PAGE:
By Steve Eskow
Editor, Hybrid vs. Virtual Issues
Lynn (“Hybrid, Online, or F2F – It Depends“), as you and Carrie (“Online Hybrid as Asynchronous, Co-present, and Remote“) and all of us agree: it depends. And perhaps it depends on some matters you haven’t mentioned.
For example, it depends on whether your students can get to campus, have the auto or the bus fare, have the baby sitter or husband who will babysit. Those who can’t may take their graduate study in an all online program.
You’re a researcher, Lynn, so I can ask this: Is it possible that the agreement you report – your students and you having similar opinions in favor of hybridity – is a result of their clear awareness of what you’d like them to think? Would they give me the same opinions you get if you weren’t in the room? If I were your student and clearly aware of your views, I don’t think I’d want to risk offending you by suggesting that I’d just as soon have all the sessions online.
I’m a bit troubled by your frequent references to students who are better at expressing themselves orally than in writing. I’m not sure the best pedagogic response to that common feeling among students is to go with it. Perhaps those students weak in writing are those most in need of more practice.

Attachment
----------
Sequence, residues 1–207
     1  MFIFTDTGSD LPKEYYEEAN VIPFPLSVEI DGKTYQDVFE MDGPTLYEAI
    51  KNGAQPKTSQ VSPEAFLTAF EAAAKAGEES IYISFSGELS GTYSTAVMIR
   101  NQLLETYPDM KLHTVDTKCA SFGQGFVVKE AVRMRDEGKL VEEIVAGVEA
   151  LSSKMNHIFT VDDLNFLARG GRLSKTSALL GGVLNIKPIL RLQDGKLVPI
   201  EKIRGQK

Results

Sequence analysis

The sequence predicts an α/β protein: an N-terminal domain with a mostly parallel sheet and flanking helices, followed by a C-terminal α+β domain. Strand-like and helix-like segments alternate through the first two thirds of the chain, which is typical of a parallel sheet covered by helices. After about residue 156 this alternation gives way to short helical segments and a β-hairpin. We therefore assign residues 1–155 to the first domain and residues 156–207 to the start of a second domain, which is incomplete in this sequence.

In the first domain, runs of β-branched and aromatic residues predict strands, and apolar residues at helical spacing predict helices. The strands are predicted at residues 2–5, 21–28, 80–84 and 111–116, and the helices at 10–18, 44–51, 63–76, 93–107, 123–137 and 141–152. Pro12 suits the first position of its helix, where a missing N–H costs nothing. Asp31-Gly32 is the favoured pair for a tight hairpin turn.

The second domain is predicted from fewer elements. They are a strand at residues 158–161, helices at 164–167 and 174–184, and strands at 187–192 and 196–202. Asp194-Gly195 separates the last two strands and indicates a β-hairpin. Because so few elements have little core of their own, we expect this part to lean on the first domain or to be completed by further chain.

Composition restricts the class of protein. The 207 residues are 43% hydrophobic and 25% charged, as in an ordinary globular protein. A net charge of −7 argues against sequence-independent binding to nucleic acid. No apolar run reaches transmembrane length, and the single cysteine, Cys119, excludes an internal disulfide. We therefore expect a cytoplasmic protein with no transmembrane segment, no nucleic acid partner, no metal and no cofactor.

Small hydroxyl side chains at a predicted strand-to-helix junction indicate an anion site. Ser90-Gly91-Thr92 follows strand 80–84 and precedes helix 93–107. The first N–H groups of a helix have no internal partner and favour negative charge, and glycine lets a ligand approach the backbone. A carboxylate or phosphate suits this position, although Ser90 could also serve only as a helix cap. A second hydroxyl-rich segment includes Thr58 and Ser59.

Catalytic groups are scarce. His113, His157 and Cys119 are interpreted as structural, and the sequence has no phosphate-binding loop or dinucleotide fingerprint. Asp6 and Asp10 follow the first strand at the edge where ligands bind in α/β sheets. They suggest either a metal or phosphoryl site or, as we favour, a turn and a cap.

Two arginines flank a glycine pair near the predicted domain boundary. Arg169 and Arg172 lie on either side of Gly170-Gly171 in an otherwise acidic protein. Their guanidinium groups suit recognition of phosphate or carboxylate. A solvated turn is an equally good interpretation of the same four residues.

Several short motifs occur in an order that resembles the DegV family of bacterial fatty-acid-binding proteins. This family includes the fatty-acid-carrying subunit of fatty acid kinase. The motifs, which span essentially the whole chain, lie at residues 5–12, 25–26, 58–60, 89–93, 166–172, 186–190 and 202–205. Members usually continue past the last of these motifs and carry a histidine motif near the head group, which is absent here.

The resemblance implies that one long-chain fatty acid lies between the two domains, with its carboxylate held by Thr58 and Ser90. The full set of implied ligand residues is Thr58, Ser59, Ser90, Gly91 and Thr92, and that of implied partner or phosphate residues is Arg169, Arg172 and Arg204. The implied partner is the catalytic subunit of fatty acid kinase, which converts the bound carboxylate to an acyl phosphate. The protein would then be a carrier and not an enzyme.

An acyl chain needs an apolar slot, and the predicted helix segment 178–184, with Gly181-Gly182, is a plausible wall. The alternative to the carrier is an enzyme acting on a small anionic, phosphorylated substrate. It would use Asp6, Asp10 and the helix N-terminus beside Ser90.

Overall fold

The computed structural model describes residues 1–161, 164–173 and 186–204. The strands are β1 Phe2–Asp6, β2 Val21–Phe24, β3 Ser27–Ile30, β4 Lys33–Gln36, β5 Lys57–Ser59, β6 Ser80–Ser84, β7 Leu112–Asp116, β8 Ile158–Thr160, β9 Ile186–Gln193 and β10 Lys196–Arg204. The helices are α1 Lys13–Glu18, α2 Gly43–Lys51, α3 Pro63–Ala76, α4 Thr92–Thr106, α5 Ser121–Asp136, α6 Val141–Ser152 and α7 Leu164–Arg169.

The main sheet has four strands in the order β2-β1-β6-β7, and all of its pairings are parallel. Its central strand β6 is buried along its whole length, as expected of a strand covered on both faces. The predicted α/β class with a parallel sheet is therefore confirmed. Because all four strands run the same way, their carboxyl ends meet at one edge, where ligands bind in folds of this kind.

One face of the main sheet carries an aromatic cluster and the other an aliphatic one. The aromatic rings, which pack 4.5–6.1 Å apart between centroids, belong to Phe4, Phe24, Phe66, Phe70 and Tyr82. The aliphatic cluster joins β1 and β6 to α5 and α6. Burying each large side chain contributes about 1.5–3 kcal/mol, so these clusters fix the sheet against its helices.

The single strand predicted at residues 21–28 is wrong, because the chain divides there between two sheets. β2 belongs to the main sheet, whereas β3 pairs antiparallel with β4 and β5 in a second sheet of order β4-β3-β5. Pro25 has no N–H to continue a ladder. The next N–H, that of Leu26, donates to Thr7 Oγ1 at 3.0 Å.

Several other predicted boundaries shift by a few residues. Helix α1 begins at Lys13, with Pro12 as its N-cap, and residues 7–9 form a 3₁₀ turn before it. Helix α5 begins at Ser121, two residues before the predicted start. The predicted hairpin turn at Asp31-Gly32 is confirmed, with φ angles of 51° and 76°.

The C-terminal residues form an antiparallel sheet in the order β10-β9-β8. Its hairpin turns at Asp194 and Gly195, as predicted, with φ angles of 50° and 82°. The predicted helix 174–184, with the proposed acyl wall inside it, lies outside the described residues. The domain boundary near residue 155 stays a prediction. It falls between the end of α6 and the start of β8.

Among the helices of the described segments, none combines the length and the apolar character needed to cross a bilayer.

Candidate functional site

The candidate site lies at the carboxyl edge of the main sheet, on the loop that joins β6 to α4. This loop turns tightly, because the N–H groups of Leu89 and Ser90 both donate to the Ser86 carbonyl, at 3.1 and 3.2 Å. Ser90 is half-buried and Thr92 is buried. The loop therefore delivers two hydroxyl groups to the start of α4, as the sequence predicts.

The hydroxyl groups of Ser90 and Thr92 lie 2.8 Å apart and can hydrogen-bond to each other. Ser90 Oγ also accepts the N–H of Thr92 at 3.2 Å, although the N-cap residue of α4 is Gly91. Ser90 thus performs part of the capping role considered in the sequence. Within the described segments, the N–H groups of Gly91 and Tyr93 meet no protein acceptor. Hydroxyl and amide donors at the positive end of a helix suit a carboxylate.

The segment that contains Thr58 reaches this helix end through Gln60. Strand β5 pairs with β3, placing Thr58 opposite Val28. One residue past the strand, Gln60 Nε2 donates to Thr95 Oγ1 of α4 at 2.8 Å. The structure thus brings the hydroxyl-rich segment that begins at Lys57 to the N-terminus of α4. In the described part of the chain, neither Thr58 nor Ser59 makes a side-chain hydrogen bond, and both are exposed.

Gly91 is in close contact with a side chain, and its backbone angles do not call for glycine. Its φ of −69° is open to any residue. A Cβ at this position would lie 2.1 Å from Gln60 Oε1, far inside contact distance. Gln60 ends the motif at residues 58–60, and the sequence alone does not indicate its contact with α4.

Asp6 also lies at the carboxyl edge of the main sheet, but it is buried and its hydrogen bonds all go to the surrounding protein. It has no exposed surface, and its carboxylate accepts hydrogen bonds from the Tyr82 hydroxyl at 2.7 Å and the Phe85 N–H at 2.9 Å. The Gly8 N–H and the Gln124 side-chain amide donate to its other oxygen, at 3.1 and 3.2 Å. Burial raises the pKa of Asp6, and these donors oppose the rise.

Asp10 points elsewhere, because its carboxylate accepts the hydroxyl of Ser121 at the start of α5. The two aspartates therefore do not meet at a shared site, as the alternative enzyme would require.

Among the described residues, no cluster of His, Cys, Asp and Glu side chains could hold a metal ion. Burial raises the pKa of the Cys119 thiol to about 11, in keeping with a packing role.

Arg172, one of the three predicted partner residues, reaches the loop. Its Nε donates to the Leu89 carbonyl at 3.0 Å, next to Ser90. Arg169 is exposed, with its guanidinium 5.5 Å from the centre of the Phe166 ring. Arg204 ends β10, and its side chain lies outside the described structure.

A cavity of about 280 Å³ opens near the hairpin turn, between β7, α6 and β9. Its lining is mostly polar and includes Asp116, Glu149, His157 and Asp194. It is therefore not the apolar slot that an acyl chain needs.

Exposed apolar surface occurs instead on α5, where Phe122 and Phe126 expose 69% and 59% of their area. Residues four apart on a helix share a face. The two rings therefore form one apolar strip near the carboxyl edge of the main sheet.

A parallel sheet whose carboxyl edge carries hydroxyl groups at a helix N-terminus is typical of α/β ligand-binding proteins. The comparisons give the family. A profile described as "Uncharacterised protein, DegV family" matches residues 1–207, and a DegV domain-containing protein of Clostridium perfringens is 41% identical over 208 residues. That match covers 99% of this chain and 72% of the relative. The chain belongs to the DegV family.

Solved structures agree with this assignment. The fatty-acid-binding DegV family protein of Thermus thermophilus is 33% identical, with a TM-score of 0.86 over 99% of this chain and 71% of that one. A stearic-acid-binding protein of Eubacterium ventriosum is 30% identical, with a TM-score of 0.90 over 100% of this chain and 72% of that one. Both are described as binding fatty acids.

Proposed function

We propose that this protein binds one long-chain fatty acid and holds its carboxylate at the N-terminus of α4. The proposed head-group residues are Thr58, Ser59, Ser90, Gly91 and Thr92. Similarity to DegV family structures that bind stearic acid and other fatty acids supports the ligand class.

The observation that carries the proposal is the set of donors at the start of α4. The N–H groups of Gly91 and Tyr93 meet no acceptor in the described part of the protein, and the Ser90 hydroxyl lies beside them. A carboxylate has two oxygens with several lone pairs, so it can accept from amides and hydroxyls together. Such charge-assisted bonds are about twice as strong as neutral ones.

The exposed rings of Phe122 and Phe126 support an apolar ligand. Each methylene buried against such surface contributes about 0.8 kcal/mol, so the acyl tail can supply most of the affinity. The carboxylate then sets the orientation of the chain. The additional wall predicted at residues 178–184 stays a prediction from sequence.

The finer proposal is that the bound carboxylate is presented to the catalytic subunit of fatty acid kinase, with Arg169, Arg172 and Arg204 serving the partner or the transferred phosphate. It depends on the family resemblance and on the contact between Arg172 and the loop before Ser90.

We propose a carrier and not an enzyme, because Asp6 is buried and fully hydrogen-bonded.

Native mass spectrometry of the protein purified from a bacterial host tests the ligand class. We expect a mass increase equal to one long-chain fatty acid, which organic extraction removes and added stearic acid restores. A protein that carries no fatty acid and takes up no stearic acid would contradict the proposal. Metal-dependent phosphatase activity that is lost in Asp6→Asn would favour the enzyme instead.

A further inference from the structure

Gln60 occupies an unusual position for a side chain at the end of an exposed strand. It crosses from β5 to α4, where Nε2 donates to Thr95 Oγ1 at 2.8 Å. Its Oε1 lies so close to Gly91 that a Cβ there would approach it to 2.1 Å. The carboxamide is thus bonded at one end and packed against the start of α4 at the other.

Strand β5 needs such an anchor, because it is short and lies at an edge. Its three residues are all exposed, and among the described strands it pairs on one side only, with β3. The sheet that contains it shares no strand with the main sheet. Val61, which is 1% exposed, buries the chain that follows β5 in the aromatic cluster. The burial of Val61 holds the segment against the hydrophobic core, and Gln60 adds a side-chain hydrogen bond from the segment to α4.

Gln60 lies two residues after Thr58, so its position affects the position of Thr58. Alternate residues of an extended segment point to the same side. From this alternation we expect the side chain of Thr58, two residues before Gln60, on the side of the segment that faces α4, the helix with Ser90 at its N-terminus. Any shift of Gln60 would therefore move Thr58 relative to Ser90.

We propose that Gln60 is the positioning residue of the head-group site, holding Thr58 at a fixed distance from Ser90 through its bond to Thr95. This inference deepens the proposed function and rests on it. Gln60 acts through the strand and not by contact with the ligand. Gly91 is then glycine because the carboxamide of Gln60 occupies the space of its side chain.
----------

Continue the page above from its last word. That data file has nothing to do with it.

Increasingly we hear of students resisting buying the required textbooks and, crucially, resisting reading them. And I hear of teachers in this age of student evaluations who react to this resistance by respecting it: less reading and writing, in an age where the new technologies put a premium on the reader (of blogs, if nothing else) and the writer (of blogs, if of nothing else). Might we as a profession need to take a stand on more writing in academic instruction?
As I’ve indicated, my own work is in the poor countries and is influenced by the economics of building-based education as well such other social impacts as the disruption of communities. I’d be willing to bet with you, Lynn, that as the economic situation in the US worsens we’ll experience lots less resistance to technology-mediated education by taxpayers, teachers, and students. Those buildings your students come to are a technology that costs millions to construct and maintain.
It does indeed depend.
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